Reds Manager 

Jack McKeon

“Leadership starts at the top. I had my thoughts and voiced them in the past, but I wasn’t listened to much.”

~ Jack McKeon, the day he was fired by the Reds 

Jack McKeon was hired as a mid-season replacement manager five times in his long career. He could be seen as the Winston Wolfe of baseball.

  • Oakland – 1978
  • San Diego – 1988
  • Cincinnati – 1997
  • Florida – 2003
  • Florida – 2011

Jack was a polarizing figure who received more love from the press than his players (especially older players). His teams generally performed better in the second half of the season. He employed small ball techniques and believed in leadoff hitters who got on base, over speedy types like Deion Sanders. He also kept his relievers in games for longer stretches than almost any manager in baseball history.

“I really think the evolution of the middle relievers is one of the biggest changes we’ve seen in the last 20 years. What I think is they’ve developed a type of player that comes in and throws 1 or 2 innings and throws very hard and they get them out of there after they’ve faced 6 or 7 batters. The Kyle Farnsworth type of player.”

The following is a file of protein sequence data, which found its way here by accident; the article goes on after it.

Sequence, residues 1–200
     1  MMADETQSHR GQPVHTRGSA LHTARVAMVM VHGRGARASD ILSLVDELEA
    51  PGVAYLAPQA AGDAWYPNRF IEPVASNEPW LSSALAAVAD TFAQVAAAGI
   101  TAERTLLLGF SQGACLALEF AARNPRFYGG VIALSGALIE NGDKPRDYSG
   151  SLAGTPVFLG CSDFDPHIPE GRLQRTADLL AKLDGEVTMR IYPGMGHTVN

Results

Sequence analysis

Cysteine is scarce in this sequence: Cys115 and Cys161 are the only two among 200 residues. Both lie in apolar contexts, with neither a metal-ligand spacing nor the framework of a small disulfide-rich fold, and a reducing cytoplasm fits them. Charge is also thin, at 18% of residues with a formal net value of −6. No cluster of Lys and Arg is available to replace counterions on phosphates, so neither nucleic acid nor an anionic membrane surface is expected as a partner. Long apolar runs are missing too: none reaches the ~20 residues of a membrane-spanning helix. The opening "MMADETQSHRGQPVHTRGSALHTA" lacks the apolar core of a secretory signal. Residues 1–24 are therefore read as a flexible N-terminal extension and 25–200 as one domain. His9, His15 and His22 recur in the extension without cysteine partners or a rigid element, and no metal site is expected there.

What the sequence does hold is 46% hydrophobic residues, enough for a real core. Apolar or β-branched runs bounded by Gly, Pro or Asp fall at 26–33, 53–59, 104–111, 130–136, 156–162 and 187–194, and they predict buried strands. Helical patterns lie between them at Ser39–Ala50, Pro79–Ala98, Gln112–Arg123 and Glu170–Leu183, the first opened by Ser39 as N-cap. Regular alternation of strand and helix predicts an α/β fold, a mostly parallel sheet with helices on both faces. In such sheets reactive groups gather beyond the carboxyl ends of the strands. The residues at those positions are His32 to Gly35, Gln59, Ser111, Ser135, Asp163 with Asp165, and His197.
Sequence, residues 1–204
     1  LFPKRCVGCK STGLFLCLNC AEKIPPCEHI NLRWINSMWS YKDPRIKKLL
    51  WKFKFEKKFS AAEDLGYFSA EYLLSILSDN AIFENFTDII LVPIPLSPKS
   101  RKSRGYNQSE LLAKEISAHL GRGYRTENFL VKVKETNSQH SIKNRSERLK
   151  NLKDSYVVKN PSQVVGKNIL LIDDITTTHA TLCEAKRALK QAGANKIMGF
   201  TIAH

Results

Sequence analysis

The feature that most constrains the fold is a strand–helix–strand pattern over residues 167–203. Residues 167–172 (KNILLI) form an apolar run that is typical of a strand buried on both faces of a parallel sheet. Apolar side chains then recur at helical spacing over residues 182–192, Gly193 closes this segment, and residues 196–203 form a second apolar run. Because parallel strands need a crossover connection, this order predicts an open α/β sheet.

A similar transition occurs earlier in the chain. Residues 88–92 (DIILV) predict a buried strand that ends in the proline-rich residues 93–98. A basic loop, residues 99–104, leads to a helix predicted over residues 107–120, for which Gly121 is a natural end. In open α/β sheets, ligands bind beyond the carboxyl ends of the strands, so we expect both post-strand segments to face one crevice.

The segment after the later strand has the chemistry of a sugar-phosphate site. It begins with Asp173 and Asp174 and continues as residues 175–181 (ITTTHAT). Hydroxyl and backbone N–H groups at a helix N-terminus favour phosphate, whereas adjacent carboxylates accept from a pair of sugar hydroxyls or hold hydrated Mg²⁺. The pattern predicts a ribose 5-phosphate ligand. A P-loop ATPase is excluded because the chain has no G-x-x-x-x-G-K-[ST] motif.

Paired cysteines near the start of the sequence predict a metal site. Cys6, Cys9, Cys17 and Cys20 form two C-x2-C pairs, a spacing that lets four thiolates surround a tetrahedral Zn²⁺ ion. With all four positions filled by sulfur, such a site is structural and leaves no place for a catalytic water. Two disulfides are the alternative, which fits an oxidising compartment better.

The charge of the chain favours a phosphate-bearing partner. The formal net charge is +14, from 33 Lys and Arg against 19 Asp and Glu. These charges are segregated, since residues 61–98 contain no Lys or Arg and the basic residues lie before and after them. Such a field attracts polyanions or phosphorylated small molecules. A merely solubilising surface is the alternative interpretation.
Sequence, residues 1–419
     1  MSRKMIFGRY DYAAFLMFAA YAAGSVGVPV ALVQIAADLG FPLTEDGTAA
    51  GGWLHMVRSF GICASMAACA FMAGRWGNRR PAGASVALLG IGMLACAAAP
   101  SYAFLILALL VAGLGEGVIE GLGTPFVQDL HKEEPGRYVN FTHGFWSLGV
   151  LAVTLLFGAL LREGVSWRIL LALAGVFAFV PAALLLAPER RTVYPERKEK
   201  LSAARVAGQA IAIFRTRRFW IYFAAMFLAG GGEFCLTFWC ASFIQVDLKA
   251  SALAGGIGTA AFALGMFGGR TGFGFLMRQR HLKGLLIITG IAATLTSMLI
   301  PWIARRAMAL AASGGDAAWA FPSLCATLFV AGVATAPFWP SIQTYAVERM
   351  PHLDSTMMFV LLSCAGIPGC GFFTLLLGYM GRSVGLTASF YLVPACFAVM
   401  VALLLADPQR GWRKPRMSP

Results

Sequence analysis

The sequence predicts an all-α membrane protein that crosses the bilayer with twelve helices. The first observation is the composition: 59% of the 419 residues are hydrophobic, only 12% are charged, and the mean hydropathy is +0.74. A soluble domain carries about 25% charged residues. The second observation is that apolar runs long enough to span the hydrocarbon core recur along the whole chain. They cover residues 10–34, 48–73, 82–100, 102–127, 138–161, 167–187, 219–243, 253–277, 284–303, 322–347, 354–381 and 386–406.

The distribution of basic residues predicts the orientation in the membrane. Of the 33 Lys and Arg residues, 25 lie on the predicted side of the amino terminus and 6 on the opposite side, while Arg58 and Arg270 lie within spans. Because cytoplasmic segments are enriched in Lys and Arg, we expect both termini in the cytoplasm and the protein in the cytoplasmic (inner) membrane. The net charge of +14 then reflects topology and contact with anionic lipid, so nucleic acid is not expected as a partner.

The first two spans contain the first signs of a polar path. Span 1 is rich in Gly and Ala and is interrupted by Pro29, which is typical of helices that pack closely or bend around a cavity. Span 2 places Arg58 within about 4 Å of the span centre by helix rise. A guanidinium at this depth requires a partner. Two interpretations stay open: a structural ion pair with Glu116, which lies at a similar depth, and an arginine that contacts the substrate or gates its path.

~ Chris Welsh, 2007

It’s true that the middle reliever had been an integral part of baseball for the past 30+ years, but the workload back then wasn’t as it is in today’s game. Currently, the new prototype of super reliever we are starting to see is the 50 inning, 70+K  pitchers.

Historically, pondering relievers and their workload wasn’t something fans of the game spent a lot of time doing. When the ball was deader, the game a bit slower and guys played more under the sun than the lights, and a complete game by the pitcher was the norm. Below are Reds pitchers who have completed 20 or more games in consecutive seasons.  Note that not one Reds pitcher has completed 20 or more games since the 1940’s.

Player Years
Bob Ewing 1903-08
Bucky Walters 1939-44
Noodles Hahn 1900-04
Eppa Rixey 1921-23
Red Lucas 1931-33
Paul Derringer 1938-40
Bill Phillips 1901-02
Andy Coakley 1907-08
Fred Toney 1916-17